Abolishment of all Federal Departments, Agencies and Laws (and their offspring) not specifically authorized by our Constitution
The provisions of this Amendment would not apply to any Department, Agency, or Program whose existence is specifically required by the Constitution of the United States (e.g., Defense, State).
Within a period of four years from the date of ratification of this Amendment, every existing Department, Agency and Law must be reviewed by a joint committee of the House of Representatives and the Senate for the purpose of citing the constitutional authority under Article 1, Section 8 (Powers of Congress) for the existence of each such Department, Agency or Law. Every cited constitutional authority shall immediately be presented to the Supreme Court for validation. In making its findings, the Supreme Court must rely solely upon a strict interpretation of the original intent for very limited powers granted to federal government under Article 1, Section 8. Failure to review any existing Department, Agency or Law within four years from the date of ratification of this Amendment shall render all those unreviewed Departments, Agencies and Laws null and void as if they had been specifically determined to be beyond the constitutional authority of Congress. Note that any antiquated laws, whether constitutional or not, could be allowed to lapse merely by ignoring them within the required four year review period.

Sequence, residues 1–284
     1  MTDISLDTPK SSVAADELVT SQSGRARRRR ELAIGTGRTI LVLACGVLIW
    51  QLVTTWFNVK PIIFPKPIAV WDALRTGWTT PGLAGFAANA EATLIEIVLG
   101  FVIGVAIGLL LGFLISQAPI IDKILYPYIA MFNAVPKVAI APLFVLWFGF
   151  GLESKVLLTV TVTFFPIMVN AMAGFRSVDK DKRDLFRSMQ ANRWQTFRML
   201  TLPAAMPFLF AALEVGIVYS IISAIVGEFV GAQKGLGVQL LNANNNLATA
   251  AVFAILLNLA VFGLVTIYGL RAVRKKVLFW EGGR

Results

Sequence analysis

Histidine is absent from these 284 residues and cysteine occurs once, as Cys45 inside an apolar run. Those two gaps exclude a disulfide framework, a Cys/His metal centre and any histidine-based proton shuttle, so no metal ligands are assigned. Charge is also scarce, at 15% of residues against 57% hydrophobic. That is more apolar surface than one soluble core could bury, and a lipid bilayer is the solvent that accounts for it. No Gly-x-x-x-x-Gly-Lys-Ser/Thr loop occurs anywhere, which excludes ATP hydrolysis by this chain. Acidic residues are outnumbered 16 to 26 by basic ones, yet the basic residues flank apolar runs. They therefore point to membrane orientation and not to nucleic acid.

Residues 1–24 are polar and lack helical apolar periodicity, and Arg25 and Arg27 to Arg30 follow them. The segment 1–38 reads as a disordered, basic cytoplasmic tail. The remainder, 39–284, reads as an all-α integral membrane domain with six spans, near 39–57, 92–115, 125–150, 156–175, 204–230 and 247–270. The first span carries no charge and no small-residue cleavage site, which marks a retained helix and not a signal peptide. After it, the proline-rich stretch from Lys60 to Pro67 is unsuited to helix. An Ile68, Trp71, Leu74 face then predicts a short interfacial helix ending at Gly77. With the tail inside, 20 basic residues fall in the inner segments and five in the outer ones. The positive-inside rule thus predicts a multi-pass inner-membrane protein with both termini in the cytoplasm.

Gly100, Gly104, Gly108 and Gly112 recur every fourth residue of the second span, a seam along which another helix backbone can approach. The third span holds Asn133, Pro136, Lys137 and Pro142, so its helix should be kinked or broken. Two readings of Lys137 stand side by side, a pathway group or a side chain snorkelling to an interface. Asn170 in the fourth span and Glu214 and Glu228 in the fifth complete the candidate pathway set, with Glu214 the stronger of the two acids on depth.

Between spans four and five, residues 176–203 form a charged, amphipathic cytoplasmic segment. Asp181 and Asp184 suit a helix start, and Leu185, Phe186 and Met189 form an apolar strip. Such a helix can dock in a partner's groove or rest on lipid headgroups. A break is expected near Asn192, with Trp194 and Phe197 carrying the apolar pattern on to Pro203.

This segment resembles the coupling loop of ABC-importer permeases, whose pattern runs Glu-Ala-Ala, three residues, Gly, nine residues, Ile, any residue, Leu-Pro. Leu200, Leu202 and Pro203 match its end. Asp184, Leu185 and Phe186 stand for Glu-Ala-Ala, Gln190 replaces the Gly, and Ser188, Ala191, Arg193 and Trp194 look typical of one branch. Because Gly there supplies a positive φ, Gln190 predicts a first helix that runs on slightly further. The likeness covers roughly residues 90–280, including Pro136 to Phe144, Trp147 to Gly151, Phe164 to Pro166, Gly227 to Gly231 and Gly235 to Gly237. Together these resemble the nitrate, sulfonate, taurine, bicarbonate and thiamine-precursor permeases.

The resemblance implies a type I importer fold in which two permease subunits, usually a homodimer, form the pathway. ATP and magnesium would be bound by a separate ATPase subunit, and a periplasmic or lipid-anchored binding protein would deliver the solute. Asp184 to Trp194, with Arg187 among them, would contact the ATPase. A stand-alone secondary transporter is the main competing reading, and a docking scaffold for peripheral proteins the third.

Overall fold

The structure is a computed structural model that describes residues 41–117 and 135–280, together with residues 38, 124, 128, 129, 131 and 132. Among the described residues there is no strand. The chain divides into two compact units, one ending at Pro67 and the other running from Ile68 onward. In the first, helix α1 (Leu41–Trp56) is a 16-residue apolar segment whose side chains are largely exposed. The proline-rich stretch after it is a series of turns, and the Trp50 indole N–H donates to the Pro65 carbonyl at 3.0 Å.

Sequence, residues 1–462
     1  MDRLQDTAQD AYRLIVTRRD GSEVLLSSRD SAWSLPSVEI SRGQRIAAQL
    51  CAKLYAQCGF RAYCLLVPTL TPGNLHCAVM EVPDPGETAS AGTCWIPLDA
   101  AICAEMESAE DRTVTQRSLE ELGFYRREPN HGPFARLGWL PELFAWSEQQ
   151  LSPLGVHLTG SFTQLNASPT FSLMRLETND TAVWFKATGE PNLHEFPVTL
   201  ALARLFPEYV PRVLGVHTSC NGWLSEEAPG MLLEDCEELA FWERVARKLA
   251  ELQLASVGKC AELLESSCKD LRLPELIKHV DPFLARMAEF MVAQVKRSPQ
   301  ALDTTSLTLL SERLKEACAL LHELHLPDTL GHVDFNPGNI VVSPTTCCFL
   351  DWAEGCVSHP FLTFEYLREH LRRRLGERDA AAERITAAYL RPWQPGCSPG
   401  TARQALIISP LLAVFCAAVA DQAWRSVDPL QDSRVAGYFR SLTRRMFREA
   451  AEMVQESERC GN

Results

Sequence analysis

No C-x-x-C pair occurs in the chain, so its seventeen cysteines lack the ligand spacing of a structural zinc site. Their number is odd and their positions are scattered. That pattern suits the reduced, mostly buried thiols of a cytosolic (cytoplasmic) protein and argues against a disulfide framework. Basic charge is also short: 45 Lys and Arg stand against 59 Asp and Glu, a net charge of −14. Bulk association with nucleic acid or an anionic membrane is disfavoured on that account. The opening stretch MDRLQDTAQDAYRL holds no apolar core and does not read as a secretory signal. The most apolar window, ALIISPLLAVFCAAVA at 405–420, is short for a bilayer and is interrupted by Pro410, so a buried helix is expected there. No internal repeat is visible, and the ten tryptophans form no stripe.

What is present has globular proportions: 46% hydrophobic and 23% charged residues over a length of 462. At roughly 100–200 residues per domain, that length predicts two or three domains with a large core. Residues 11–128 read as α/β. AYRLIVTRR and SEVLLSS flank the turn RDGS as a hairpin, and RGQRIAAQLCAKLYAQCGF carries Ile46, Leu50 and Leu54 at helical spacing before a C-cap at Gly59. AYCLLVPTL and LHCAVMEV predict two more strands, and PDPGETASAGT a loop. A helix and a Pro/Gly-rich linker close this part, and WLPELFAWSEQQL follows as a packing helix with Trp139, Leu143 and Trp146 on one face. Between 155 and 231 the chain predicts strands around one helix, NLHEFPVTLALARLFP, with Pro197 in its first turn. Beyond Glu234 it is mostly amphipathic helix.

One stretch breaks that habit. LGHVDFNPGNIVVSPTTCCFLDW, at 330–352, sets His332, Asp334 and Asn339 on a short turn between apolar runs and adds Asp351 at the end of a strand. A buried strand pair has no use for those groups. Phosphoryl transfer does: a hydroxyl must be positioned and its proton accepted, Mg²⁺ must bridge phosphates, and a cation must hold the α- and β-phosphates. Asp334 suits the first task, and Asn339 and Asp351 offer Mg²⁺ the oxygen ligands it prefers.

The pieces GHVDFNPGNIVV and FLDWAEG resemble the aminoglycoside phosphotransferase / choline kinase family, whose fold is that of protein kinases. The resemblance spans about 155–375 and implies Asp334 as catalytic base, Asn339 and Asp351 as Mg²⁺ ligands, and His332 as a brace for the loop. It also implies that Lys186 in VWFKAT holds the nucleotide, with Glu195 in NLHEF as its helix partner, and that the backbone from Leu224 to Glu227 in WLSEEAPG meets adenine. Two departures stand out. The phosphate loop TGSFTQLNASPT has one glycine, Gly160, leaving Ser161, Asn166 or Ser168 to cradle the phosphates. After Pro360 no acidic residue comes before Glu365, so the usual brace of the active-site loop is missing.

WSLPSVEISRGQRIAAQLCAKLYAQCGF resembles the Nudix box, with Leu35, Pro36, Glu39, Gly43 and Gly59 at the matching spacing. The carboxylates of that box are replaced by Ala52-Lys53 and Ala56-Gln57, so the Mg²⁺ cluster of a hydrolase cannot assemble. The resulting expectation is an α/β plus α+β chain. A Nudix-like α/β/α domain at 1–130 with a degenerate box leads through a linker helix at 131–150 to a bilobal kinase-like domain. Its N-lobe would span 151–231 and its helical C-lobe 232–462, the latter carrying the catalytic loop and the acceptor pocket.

Every Department, Agency or Law found lacking sufficient constitutional authority shall be declared null and void and, in the case of Departments and Agencies shall be disbanded within a period of one year from such determination. Every effort shall be made to devolve programs and staff of Departments or Agencies to States willing to accept such within two years of such determination. All abolished programs affecting payments or benefits to citizens (e.g., Social Security, Medicare, Medicaid, Welfare) shall undergo an orderly termination process as determined by the Congress with the objective of having the least adverse impact on current and near current recipients of such payments and benefits. In every such event, efforts should be made to devolve such programs to states willing to take on such programs.
III. Budget & Tax Rates/Taxes:
Balanced Budget & Debt Ceiling(this section is derived from a current GOP balanced budget amendment proposal)